To pick … or not to pick?
“You there! What are you doing to that flower?” a sharp voice cried out.
In a desperate bid to pull the stubborn azalea off the bush before the voice’s owner could nab me, I gave it a final yank. But it was too late. The voice was right behind me now, and I turned to face a very indignant elderly lady.
In the most piteous voice I could muster, I told her I just wanted to bring my sick mother some flowers.
Technically, this was true. My mother was home sick with a cold, and walking home from school, it occurred to me that a handpicked bouquet would be just the thing to bring her. However, this wasn’t the first time I’d filched some flowers from the old lady’s yard.
Sure enough, she replied right back this wasn’t the first time she’d seen me swipe a flower out of her yard.
Now genuinely contrite, I told her so. Her face softened. “Well. Since you’ve already picked it, stay there and I’ll get you something to put it in,” she told me.
She came back with several paper towels that she’d moistened with some water. Then with a final admonishment to ask the next time I wanted some of her flowers, she said I was free to pick away.
Fast forward a few decades later. Now I’m the one standing guard over a yard full of colorful blooms … and it’s my own child I’m chasing off!
I know. How could I be such a meanie considering my own flower thievin’ past?
Let me explain.
On the first morning after we moved to Spindale, I was out on the back sun porch when I spotted the couple next door heading our way with a pot of coffee. I ran inside to excitedly tell Tony that already we were about to be the recipients of some Southern hospitality.
As we chatted with Beth and Dave (it turned out they were from New Jersey), I learned something about our new address that made my stomach lurch up to my throat.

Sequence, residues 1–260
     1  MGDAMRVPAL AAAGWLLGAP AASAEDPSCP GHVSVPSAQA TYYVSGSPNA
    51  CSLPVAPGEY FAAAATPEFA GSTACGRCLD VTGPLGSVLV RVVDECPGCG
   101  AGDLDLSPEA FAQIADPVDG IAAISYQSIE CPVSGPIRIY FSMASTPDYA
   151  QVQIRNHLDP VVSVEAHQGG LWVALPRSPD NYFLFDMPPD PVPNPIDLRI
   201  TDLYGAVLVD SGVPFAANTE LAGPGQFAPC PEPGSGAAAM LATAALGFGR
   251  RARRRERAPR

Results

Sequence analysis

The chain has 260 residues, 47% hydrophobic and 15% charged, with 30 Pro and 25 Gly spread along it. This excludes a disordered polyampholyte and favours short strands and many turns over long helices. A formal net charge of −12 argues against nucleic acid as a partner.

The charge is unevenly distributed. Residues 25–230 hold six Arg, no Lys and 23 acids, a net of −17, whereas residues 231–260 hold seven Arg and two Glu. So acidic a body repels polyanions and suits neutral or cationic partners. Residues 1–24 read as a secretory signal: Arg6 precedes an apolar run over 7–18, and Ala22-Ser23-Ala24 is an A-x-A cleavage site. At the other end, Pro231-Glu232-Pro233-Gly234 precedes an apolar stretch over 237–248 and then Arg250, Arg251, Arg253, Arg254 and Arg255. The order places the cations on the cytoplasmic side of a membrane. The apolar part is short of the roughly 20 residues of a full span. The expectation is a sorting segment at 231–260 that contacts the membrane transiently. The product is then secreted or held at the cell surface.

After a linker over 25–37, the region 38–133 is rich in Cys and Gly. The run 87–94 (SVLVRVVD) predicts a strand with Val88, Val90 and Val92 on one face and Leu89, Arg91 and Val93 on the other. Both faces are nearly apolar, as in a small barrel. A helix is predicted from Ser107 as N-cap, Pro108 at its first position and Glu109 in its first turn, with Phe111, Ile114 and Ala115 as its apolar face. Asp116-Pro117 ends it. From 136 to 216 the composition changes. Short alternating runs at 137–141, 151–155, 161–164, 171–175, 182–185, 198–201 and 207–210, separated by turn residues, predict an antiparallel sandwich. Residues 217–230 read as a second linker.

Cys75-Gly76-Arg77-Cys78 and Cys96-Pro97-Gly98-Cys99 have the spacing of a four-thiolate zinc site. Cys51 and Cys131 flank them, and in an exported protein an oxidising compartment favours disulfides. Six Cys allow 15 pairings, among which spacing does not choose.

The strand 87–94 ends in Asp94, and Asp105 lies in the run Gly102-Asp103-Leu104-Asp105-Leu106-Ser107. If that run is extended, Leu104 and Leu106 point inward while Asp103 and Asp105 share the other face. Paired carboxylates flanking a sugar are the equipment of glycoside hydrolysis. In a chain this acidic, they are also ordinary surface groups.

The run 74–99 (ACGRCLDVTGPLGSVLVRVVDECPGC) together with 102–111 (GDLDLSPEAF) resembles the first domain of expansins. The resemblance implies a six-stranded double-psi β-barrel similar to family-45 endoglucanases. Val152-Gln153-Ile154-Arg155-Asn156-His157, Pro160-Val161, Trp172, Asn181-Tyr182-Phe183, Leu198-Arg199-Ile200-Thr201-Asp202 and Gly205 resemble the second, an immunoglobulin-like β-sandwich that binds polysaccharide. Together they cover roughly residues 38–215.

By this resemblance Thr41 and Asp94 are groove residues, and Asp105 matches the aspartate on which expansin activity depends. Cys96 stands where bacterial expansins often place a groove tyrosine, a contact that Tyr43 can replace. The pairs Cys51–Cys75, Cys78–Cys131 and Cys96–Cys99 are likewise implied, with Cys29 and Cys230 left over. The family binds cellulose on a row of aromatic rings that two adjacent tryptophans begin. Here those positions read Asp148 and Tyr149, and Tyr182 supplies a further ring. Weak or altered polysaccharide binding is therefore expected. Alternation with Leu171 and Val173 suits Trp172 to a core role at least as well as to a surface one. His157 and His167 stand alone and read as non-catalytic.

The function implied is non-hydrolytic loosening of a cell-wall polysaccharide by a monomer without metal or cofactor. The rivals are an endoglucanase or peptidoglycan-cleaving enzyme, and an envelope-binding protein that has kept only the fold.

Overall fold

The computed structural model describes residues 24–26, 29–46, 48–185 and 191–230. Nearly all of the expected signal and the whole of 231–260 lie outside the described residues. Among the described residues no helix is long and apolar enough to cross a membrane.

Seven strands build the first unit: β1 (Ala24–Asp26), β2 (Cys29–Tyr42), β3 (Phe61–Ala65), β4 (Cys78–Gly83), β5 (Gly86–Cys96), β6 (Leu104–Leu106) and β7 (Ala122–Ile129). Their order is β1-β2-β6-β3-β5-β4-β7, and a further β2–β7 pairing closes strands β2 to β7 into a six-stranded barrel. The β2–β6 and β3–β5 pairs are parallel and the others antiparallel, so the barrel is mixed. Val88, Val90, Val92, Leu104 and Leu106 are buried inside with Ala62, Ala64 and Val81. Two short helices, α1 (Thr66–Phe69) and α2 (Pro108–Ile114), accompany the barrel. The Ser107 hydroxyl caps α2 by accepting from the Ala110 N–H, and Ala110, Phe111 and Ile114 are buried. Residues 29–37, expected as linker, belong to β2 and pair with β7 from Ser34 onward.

“Your yard’s been the pride of the neighborhood for years,” Beth casually relayed to me.
I didn’t dare tell her I’d never have the talent or drive to hold onto such a prized distinction. She’d find out soon enough. And then what? No more coffee klatches!
Actually, this fear turned out to be groundless. Neither Beth nor Dave ever mentioned my obvious deficiencies in gardening (although they were perhaps a little too quick to say yes when we’d occasionally ask to borrow their hedge clippers) and we had many more cups of joe together in our future.
Still, they had a point about our yard’s prior reputation. The woman who’d lived in the house before us was more than a gardener; she was a veritable artist. And a good deal of her masterpiece lives on, having survived even my ownership. At any time of the year, something in our yard is always blooming.
There’s even a white flower of some sort that blooms especially at night.
Anyway, realizing all the time and thoughtful planning it must have taken to create such a yard, my inclination for the past two years has been to leave the results right there in it. A few days ago, though, I had a different reaction.
Sage and I were outside surveying the newest line of bright yellow daffodils coming up, and he asked if he could have some to put in his room. I thought about this for a second. Fresh flowers in a little boy’s room?
And then almost immediately I understood that not even the ground could serve as a more natural habitat for a fresh-picked bouquet of spring flowers. After all, who understands more instinctively than a child how substantial their fleeting and riotously colored beauty really is? So I replied what at long last it was my turn to say: “Pick away.”
I meant it. We ended up making a glorious bouquet out of daffodils and deep red camellias and some sort of little pink and purple buds — I’m not sure what they’re called, but they smell heavenly - that look like little clusters of musical notes.
There’s just one problem. Now that I’ve given us permission to pick our own flowers, I want to put vases of them all over the house. And that means I’m actually going to have to learn how to grow some more … myself.
I’m just not sure I’m that grown-up yet.
Stephanie Janard is a mother and full-time copywriter. She lives in Spindale. To reach Stephanie, email firstname.lastname@example.org